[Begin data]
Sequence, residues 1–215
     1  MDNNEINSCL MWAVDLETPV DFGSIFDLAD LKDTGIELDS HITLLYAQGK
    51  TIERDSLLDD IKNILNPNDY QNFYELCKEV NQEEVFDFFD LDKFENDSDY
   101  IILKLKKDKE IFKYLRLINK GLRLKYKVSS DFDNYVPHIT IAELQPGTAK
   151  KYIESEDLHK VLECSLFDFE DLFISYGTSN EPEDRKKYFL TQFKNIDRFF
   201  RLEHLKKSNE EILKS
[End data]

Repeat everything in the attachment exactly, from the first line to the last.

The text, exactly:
Sequence, residues 1–215
     1  MDNNEINSCL MWAVDLETPV DFGSIFDLAD LKDTGIELDS HITLLYAQGK
    51  TIERDSLLDD IKNILNPNDY QNFYELCKEV NQEEVFDFFD LDKFENDSDY
   101  IILKLKKDKE IFKYLRLINK GLRLKYKVSS DFDNYVPHIT IAELQPGTAK
   151  KYIESEDLHK VLECSLFDFE DLFISYGTSN EPEDRKKYFL TQFKNIDRFF
   201  RLEHLKKSNE EILKS